I'd been corresponding here and there with author Chris Barton for probably over five years--and by "corresponding" I mean that he would send me a manuscript and then I would decline it, but invite him to send more. During that time he eventually found a fantastic agent, who sent me a manuscript titled "Shark vs. Train." I was intrigued by that title. And when I read the manuscript, I was intrigued even more. Heck, I was more than intrigued, I was in love. It was so wacky, so deliciously random and bizarre, and best of all, it was so childlike and child friendly.

The concept is this: a train and a shark battle it out in different environments. For example, who wins when they're underwater, in Shark's natural habitat? Shark, of course--Train helplessly sinks to the bottom of the ocean. But Train wins on the train tracks, while Shark struggles to pull heavy cars. But then Shark wins at a pie-eating contest, and Train wins in a burping contest. The battle goes back and forth until towards the end you realize that neither one is winning. This is one of my favorite "nobody wins" pages:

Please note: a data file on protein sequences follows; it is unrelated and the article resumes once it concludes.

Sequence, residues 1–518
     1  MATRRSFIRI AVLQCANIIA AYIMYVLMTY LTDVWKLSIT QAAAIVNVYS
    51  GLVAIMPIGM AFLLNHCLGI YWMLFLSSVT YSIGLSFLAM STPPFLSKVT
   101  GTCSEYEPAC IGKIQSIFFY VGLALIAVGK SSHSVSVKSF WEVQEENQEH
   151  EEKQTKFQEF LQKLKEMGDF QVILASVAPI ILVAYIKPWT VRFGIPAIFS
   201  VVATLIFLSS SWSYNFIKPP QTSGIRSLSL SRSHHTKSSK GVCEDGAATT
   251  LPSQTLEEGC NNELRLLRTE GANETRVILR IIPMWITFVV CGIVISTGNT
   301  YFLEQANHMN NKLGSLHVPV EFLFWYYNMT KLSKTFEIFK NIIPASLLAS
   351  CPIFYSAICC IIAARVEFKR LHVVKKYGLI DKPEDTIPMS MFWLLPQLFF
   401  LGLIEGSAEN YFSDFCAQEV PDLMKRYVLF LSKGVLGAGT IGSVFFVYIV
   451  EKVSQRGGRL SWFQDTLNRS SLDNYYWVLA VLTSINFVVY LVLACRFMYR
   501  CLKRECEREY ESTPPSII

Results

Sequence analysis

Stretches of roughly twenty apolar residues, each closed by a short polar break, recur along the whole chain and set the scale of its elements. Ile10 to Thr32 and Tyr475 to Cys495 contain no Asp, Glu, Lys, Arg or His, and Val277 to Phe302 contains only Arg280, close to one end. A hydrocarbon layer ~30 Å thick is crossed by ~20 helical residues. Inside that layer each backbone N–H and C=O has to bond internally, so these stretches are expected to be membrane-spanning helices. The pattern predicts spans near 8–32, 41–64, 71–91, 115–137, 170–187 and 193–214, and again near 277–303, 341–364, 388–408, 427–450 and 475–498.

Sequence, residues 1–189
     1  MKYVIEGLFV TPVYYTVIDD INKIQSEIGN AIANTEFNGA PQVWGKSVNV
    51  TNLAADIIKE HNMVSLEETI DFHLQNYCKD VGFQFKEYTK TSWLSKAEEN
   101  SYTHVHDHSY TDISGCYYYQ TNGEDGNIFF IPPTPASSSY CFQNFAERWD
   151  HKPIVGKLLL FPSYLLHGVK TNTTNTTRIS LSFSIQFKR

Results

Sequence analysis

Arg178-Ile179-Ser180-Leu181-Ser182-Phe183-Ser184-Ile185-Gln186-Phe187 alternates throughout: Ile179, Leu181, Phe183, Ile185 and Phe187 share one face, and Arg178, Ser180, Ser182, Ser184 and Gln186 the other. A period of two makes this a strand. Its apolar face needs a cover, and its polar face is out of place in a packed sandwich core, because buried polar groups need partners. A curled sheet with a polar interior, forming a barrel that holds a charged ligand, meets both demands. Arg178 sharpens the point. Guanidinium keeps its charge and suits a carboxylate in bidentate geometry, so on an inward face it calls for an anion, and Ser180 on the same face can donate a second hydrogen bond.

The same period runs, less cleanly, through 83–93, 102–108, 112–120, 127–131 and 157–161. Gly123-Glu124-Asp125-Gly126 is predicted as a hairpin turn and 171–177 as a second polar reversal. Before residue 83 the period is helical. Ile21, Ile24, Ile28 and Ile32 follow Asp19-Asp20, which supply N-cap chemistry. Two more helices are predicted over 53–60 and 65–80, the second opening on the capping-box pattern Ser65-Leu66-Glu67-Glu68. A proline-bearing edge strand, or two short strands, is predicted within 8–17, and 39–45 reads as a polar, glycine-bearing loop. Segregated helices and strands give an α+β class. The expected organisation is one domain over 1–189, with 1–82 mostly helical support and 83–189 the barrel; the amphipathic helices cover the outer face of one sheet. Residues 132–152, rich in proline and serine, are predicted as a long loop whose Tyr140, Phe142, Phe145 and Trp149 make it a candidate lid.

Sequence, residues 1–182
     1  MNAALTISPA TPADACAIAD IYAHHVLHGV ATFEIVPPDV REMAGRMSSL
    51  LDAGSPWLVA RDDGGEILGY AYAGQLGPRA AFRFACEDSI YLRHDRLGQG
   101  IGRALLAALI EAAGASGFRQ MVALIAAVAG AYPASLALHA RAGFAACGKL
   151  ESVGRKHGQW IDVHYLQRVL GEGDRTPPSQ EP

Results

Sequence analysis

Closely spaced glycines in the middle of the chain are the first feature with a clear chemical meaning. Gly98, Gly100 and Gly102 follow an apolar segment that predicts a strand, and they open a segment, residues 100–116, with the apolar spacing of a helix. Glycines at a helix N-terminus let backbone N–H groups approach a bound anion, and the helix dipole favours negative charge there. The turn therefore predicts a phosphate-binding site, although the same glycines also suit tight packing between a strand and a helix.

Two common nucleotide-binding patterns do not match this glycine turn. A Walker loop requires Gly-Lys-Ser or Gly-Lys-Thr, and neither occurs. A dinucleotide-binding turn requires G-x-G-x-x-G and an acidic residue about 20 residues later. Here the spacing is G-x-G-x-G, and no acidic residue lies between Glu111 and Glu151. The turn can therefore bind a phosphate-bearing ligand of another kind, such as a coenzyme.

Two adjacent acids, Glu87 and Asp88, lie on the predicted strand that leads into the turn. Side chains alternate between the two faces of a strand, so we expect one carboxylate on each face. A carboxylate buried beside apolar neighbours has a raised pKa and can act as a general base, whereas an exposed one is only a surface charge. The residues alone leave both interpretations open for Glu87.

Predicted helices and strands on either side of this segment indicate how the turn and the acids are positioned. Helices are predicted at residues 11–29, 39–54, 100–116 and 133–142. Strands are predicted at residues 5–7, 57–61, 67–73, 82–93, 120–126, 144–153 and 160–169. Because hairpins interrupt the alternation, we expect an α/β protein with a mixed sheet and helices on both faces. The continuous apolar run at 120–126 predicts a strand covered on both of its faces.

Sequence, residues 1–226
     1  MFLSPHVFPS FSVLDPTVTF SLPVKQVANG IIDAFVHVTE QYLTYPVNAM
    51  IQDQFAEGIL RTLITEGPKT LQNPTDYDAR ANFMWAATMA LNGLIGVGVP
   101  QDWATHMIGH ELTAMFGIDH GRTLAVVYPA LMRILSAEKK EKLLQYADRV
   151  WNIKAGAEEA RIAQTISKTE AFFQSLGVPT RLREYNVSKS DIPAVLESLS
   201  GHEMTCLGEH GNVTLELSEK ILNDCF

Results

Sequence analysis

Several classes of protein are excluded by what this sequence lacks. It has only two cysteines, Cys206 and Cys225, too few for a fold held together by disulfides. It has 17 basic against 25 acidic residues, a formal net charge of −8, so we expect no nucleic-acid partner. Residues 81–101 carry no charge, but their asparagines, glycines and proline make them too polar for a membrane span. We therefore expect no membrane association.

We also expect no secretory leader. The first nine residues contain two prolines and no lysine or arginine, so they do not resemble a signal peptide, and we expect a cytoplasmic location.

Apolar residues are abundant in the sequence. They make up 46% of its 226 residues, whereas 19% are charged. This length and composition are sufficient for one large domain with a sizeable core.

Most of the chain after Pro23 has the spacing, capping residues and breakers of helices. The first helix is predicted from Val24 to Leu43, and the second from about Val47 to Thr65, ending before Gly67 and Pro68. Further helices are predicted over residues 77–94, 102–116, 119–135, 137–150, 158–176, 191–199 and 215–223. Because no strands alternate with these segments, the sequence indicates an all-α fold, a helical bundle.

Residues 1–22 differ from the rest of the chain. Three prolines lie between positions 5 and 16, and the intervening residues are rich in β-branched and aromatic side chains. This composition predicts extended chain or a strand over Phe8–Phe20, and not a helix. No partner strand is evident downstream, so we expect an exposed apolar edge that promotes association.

Train: Sure would help if we had thumbs. 
Shark: Yep.

I knew that it might be hard to imagine the final product without illustrations. And so before I brought this to our acquisitions meeting, I had to think very carefully how I would present the project. I wanted to make it clear how one should think about the book, and so this was how I positioned it on the proposal:

Handle: Celebrity Deathmatch meets the World Wrestling Entertainment as a shark and a train battle it out
This is what I placed at the beginning of description:
WARNING: this picture book manuscript is wonderfully bizarre, and requires imagination
And because I knew the book was so visual, I decided to ask two of the designers here to do a quick sketch for some of the scenes. Then I literally cut and pasted them into the manuscript that was distributed. Arts and crafts, anyone? Here is an example (my apologies for the quality--didn't have a scanner available):